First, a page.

Some Jews like Gabriel Riesser, the most prominent Jewish spokesman
for emancipation in the German states, believed new laws would erode
the social gulf by encouraging mixed marriages. “A consequence of
our new law,” he asserted, “will be that marriages will be mixed,
and that religion will no longer be a permanent and insuperable
dividing wall preventing a union of peoples.” This sentiment was
taken further by David Strauss who hoped that emancipation would
inevitably lead to mixed marriages which would “bring about the
disappearance a peculiarities and ossified traits which have so far
made of the Jews such a burden on our civil society.” One Jewish
liberal became so enthralled by the promise of emancipation that he
wrote: “The messiah, for whom we prayed these thousands of years,
has appeared and our fatherland has been given to us. The messiah is
freedom, out fatherland is Germany.” Gabriel Riesser asserted, “If
you will grant emancipation with one hand, and with the other the
realization of the beautiful dream about the political unification
of Germany, I would take the second hand unhesitatingly, because I
am convinced that a unified Germany will also include emancipation.”

There were some Jews nevertheless who feared that if the liberals
succeeded in breaking down the impediments to assimilation the
existence of the Jewish community would be threatened. Many Orthodox
and non-Orthodox Jews feared that emancipation wou ld not be in the
best interest of Judaism or the Jewish people. They worried that
many may perceive legal equality as an opportunity for secession,
and that the proliferation of intermarriages could lead to the
extinction of Judaism.

During 1848 liberals fought against the notion that states should be
based on the principles of Christianity, and furthered the idea that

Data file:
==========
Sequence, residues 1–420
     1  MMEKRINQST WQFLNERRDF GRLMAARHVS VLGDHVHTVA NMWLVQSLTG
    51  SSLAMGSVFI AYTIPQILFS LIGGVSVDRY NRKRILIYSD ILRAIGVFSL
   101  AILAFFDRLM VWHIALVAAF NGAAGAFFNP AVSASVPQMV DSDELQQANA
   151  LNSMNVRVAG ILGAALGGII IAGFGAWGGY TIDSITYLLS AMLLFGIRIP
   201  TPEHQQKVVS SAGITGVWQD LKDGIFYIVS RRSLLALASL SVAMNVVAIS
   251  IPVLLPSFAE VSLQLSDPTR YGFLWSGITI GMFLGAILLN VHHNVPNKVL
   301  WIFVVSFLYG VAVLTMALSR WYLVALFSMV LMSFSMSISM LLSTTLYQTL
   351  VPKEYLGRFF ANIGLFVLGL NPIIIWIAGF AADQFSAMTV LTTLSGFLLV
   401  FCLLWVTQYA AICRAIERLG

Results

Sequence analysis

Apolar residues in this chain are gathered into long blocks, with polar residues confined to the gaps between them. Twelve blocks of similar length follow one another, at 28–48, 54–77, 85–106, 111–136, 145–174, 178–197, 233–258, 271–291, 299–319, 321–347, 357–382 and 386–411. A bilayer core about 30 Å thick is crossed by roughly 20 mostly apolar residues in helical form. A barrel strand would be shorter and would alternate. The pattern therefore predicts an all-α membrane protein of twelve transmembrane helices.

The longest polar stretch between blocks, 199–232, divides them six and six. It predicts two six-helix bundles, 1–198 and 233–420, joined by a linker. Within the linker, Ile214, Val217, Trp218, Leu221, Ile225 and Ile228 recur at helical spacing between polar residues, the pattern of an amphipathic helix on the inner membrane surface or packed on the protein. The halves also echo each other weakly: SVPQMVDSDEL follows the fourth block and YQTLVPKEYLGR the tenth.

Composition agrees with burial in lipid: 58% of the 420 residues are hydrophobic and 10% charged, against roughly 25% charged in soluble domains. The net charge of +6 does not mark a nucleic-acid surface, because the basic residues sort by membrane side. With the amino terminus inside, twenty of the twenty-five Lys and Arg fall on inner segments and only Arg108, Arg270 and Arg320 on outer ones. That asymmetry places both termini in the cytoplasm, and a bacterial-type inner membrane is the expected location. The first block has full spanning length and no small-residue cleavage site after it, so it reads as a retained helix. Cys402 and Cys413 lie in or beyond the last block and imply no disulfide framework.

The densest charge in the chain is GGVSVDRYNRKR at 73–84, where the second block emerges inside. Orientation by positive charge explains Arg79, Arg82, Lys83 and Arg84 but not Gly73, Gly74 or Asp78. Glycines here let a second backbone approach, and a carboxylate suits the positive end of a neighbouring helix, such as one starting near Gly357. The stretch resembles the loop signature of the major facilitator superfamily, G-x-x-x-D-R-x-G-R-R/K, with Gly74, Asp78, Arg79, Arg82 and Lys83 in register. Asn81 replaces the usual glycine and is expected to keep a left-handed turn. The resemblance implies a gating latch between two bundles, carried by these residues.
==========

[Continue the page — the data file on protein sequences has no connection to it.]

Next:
individuals made up the cornerstone of the state. They believed that
the fewer restrictions placed on people, the more prosperous the
state would be. Conversely, many of the revolution’s opponents were
also opposed to the doctrines of Liberalism, and consequently, to
emancipation. The Prussian King Friedrich Wilhelm IV wanted to
deprive the Jews of the rights as state citizens in 1847.
Conservatives like Prussian Minister of the Interior von Thile
argued against Jewish Emancipation by stating that granting Jews any
rights in government was irreconcilable with Christendom because
they would be expected to take part either in the permeated with the
Christian spirit. Thus, opposing Jewish Emancipation in 1848 was
just one of the reasons that Conservatives fought against the ideals
of the revolution.

Part of the reason that Jewish emancipation became a major issue in
many of the deliberations was that Jews themselves participated in
the overthrowing of the monarchies as well as the writing of the new
constitutions. In August, 1848, Riesser, who was elected Vice
President of the National Assembly in Frankfurt, countered demands
that Jews be placed under separate legislation because they were not
Germans by declaring that: “under just laws, Jews would be the most
ardent patriots of Germany; they will become Germans along with, as
well as among, Germans. Do not presume that discriminatory laws can
be tolerated without dealing a disastrous blow to the entire system
of freedom, and without introducing demoralization into it!” Riesser
was not the only Jew fighting for German unification, five others
joined him at the preparliament (Vorparlament), and seven Jews were
elected to the German national assembly.

Like the debate in Frankfurt, the one in Vienna was consequential in
deciding the fate of Habsburg Jews. In many cities of the Austrian
Empire, like Bratislava and Prague, the insurgency provided a
convenient motive for popular attacks on Jews. In fact these attacks
were repeated in various locals throughout Europe. Since Jews were
associated with the bourgeoisie who were allegedly bent on bringing
new capitalist ways of production to society, in addition to of
course practicing a cabalistic religion, many farmers and artisans
blamed the Jews for their economic troubles. In Vienna, however,
attacks against Jews were rare despite the fact that there were many
Jews who took part in the Revolution. Dr. Adolf Fischhof became the
foremost orator of the insurrection in Vienna where Jews were killed
fighting side by side with Christians attempting to bring about a
new order, and the Jewish dead were buried in a common grave with
the other martyrs. Speaking at the funeral for the fallen